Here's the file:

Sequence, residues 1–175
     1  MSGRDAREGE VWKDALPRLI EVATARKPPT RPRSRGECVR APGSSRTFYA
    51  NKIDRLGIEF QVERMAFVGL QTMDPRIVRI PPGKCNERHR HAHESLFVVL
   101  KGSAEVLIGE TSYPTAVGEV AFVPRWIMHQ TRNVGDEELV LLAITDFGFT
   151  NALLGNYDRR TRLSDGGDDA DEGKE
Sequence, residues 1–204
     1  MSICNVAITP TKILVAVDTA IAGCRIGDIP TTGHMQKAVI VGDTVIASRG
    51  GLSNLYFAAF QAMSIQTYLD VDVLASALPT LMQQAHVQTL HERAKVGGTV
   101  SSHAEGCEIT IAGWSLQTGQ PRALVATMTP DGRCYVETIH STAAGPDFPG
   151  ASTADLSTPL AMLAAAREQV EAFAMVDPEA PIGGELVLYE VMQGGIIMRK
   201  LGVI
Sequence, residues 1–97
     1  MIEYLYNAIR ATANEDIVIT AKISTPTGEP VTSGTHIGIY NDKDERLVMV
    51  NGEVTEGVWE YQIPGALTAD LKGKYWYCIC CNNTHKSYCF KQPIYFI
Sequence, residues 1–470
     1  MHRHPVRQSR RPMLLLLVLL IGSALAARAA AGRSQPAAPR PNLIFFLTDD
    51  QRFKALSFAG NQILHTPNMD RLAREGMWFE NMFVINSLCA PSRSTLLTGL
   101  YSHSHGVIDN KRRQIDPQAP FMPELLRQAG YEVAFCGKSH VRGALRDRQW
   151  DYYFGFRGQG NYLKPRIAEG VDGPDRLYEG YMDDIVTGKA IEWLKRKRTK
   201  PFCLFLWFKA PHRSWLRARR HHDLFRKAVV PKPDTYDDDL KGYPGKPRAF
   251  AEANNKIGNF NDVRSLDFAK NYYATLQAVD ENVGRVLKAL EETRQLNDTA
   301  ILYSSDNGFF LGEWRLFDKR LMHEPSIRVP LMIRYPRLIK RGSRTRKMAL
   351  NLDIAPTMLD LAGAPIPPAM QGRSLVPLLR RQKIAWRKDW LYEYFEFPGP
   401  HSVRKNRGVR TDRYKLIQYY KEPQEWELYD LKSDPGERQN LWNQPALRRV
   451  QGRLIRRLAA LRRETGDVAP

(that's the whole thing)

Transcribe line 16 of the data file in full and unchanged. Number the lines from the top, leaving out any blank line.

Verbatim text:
     1  MHRHPVRQSR RPMLLLLVLL IGSALAARAA AGRSQPAAPR PNLIFFLTDD